This is a simple analog signal we're talking about, this isn't quantum gravity, turbulence, or the Reimann hypothesis.

 

I, for one, think that it's incredibly neat that you can so successfully ABX 44 and 192k audio streams of the exact same source data. The implication that you are audibly picking up on cues that exists somewhere north of 20kHz is fascinating, which is why i've been following this thread. I'm dying to see what the waveforms being sent to your headphones look like for each of the sample rates.

 

Cheers!

post #25 of 77
Quote:
Originally Posted by ab initio View Post

I think you are being a little bit unfairly dismissive of the scientific understanding of digital and analog audio. In the grand scheme of things, audio signals are pretty simple (one dimensional functions of time), and our ability to represent and reproduce them in digital formats far exceeds our auditory ability to discern the finest levels of detail. When you play the same song twice with the same reproduction chain, you hear the same thing twice---the hardware out-performs your auditory system.

 

I plead limited space to be clear!redface.gifOnce again I've made too much of a single point. I'm by no means trying to dismiss science and claim "It's a Mystery!"  Instead, I'm reading the still-developing science in the area, such as Kunchur 2008, van Maanen 2010, I'm particularly interested in cutting edge empirical work on temporal resolution, such as Oppenheim and Magnasco 2013 (this one's behind a wall, I'm accessing with faculty privileges):

"We have conducted the first direct psychoacoustical test
of the Fourier uncertainty principle in human hearing, by
measuring simultaneous temporal and frequency discrimi-
nation. Our data indicate that human subjects often beat the
bound prescribed by the uncertainty theorem, by factors in
excess of 10. This is sometimes accomplished by an
increase in frequency acuity, but by and large it is temporal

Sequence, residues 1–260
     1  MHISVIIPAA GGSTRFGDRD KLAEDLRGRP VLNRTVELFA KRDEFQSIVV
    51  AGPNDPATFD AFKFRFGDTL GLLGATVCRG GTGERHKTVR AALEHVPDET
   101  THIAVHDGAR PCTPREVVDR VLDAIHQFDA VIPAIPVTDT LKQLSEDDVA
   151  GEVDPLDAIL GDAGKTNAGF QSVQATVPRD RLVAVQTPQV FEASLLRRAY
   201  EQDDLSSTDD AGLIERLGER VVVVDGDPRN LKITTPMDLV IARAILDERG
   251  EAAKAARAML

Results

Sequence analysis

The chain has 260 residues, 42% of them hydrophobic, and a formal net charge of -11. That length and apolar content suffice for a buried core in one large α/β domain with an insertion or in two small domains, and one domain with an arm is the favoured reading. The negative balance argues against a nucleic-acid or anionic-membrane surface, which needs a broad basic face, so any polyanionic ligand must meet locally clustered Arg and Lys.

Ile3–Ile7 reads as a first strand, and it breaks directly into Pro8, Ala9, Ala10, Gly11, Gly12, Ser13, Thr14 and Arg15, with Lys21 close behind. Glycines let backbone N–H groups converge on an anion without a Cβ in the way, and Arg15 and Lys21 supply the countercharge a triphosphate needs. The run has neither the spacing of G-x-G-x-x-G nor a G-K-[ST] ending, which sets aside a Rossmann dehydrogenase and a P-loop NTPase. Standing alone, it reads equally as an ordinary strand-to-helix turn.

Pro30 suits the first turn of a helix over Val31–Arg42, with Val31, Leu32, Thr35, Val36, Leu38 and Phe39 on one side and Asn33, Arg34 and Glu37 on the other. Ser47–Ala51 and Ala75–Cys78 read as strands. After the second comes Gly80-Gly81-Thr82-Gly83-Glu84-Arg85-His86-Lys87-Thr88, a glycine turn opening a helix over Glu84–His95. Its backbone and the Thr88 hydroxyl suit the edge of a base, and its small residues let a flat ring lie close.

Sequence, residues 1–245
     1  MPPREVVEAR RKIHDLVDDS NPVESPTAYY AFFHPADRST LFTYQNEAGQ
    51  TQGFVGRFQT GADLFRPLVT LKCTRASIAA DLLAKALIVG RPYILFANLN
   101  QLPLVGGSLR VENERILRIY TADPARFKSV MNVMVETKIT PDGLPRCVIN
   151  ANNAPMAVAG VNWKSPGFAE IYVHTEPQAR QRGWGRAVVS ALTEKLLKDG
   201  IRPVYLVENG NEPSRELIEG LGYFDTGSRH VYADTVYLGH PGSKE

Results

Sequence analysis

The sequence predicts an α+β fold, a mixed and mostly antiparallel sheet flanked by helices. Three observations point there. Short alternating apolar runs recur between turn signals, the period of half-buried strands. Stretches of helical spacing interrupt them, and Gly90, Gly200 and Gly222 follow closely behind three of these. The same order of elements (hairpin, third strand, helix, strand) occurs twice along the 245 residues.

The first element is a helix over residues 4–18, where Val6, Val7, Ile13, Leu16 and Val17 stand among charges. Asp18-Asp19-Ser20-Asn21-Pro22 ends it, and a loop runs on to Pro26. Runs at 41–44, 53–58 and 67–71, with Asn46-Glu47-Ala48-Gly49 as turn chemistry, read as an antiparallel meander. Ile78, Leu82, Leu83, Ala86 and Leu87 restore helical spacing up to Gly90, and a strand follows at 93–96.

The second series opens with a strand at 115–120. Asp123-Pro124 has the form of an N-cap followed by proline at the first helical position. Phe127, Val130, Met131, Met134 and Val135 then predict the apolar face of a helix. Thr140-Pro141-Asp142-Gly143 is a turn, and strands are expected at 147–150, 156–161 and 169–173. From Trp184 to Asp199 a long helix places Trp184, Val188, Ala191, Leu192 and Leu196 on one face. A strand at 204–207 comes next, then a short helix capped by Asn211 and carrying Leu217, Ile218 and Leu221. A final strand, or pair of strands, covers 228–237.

acuity that is increased and largely responsible for these
gains. Our data further indicate subject acuity is just as
good for a notelike amplitude envelope as for the Gaussian,
even though theoretically the uncertainty product is
increased for such waveforms."

 

It's important that an evidence-based result here calls into question a limit that was formerly assumed on the basis of a mathematical construction.

 

You cannot conclude that because based on the limited information you've given us over an internet forum, that because us random collection of audio enthusiasts cannot explain to your satisfaction the mechanism by which you are successfully ABXing the same source 16/44 PCM stream from it's digitally upsampled 16/192 PCM stream, that the actual explanation is beyond the capabilities of science.

Wow, I would never claim that, sorry for the misrepresentation. I am *absolutely* sure that it IS well within the capabilities of science. What I'm calling very much into question is simplistic claims like "When you upsample, there is absolutely no difference whatsoever, unless the program you use is introducing artifacts. If you can hear a difference, it isn't music you are hearing. It's noise introduced by your upsample conversion." There is a LOT more to music, its capture, storage and reproduction, than is signified in reductive claims like this. The time domain of sound and psychoacoustics is *critical*, and far from settled as a large set of open scientific questions. Of course, depending on what "artifacts" is used to mean, I might be entirely in agreement with the statement above. For example, "artifacts" might mean "the time-shifting and blurring effects of D/A processing", in which case I would myself be thinking about just precisely those features.

 

I assure you, there a reason why you can ABX the CD quality audio from the upsampled version, and if someone was able to ask the right questions and take the appropriate measurements, it would be quite simple to determine that reason.

Yes, it always comes down to that, the right questions and appropriate measurements--no argument at all there.

 

This is a simple analog signal we're talking about, this isn't quantum gravity, turbulence, or the Reimann hypothesis.

Hmm. Analog, yes, simple not so much. It's a stereo signal with a complex waveform, decoded by mental processes into multiple spatial components, subject to many stages of processing between original creation and final listening. To me, it's far from simple. I *don't* mean mysterious or unknowable. I *do* mean complex and not fully understood.

 

I, for one, think that it's incredibly neat that you can so successfully ABX 44 and 192k audio streams of the exact same source data. The implication that you are audibly picking up on cues that exists somewhere north of 20kHz is fascinating, which is why i've been following this thread. I'm dying to see what the waveforms being sent to your headphones look like for each of the sample rates.

Again, apologies for the implication. I'm sure I am NOT picking up cues north of 20kHz, at least not in any way that's available to me consciously for the purposes of deciding a trial. My hearing, far as I can tell, is limited somewhere under 18 kHz. My success in detection has to lie elsewhere. Prime candidates I would say are D/A effects in the audible band due to filter interactions, and temporal resolution cues.

 

Here's something *really* telling to me, from Oppenheim: "

We further found that composers and conductors
achieved the best results in task 5, consistently beating